Pros of buying a car There are many benefits to buying a car, which include, but are not limited to, your ability to drive your car for as many miles as you want, customize your car the way you want, i.e., paint color and sound system, and get great deals like rebates or discounts in year-end sales. Plus, you don’t have to worry about paying fees for wear and tear on your car, and you can profit from the trade-in or resale value should you decide to sell down the road.
Cons of buying a car While the above benefits are certainly enticing, it’s also important to consider the cons of buying a car, especially as compared to leasing a car. To begin with, your monthly payments are often higher, but without the added benefit of a new car every three years or so, unless you choose to trade it in. Plus, your car loses anywhere from 20 to 30% of its value as soon as you drive it off of the lot due to depreciation.
Pros of leasing a car Leasing a car may be an option for you if you’re not quite ready for the commitment or cost of ownership. The primary benefit to leasing is your ability to drive a new car with new technologies every three years, eliminating the concern for depreciation. Plus, when you lease a car, you often have access to subvented deals from manufacturers that either decrease the interest rate or increase the residual value. Finally, you may be able to receive tax credits if you lease an electric car.
Cons of leasing a car Leasing might look pretty appealing, especially since monthly payments are often lower than the financing payments you would make when you buy a car. However, there are some downsides to leasing you should consider, including the fact that you don’t actually own the car, which imposes a series of unique restrictions. These include a limit on the number of miles you can drive (it generally costs $.15 - $.25 per extra mile) and wear and tear permitted to the car. Failure to meet these limitations can result in fees when your lease ends. You’ll also be required to lease another car at the end of your term (or complete a finance-to-purchase so you own that car). Finally, you may need to purchase Gap Insurance to cover extra costs should you be in an accident that totals the car, as you will still need to pay back the lease contract amount on top of repairs. For these reasons, and the greater potential for hidden fees, leasing can be more expensive in the long run.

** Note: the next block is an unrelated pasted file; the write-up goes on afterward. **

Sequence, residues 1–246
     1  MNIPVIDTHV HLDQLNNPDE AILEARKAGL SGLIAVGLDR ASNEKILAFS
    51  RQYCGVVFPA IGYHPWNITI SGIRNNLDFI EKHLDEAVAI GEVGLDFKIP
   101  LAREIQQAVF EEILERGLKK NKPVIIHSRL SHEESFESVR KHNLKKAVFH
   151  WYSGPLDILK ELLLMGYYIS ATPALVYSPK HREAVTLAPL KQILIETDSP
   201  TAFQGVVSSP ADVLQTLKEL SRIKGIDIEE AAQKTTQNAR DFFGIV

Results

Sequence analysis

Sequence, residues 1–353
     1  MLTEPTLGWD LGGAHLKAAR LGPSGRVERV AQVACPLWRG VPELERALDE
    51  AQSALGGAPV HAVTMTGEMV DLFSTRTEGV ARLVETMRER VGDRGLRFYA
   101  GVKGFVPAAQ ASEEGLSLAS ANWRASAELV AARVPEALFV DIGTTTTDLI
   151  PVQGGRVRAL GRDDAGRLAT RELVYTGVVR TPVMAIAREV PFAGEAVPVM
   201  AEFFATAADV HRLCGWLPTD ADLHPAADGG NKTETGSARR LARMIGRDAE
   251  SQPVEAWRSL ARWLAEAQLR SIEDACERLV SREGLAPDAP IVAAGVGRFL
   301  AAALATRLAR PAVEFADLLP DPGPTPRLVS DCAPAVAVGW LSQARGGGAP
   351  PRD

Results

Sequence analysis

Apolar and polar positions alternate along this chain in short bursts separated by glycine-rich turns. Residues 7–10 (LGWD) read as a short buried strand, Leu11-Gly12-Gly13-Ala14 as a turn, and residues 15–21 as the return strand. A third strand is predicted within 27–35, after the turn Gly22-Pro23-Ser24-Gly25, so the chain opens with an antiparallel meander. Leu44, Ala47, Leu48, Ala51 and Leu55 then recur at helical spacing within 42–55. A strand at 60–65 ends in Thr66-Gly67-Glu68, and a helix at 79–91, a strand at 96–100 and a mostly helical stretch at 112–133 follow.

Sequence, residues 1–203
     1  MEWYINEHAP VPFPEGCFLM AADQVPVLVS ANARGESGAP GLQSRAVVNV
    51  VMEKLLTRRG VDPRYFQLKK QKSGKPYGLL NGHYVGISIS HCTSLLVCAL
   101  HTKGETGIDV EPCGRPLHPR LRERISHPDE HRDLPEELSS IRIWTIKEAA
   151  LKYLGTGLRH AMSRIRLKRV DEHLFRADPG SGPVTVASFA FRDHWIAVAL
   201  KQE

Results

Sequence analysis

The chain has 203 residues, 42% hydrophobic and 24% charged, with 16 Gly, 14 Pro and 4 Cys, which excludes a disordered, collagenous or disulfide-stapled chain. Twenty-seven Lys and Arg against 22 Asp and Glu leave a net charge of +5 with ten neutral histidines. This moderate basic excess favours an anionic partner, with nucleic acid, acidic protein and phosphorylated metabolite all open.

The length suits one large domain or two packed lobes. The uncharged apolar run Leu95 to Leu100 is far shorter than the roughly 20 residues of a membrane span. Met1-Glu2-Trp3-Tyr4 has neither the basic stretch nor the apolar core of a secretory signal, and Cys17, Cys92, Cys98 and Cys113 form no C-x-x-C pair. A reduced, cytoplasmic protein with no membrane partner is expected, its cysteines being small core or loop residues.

Is buying or leasing a car the best option for you? After considering the pros and cons of buying vs. leasing a car, what is the best option for you? Can you afford the down payment and ensuing monthly payments of a new car? Will whatever choice you make today still make sense in a few years? For example, if you drive many miles throughout the year, a lease may not be the best choice; but if you want a new car every two to four years and can maintain it as required, a lease might make more sense.
Save to buy or lease your first car If you’ve been thinking about buying or leasing a car, now is the time to open a savings account or bank CD (Certificate of Deposit). A bank CD is similar to a savings account, but CDs have a fixed term and interest rate and can range from 11 months to three years. With bank CDs, the funds must remain in the account until the end of the term, and the money and accrued interest can be withdrawn at that time. This may be a good choice if you know you won’t be purchasing or leasing a car during the CD’s term. For example, you may want to open a bank CD in January to save for December’s end-of-year car deals. On the other hand, a standard savings account offers you the freedom to make withdrawals as needed, but the interest rates you earn are not as high. Choose the right savings vehicle for you and start saving to buy or lease your dream car.

Sponsored content was created and provided by RBS Citizens Financial Group.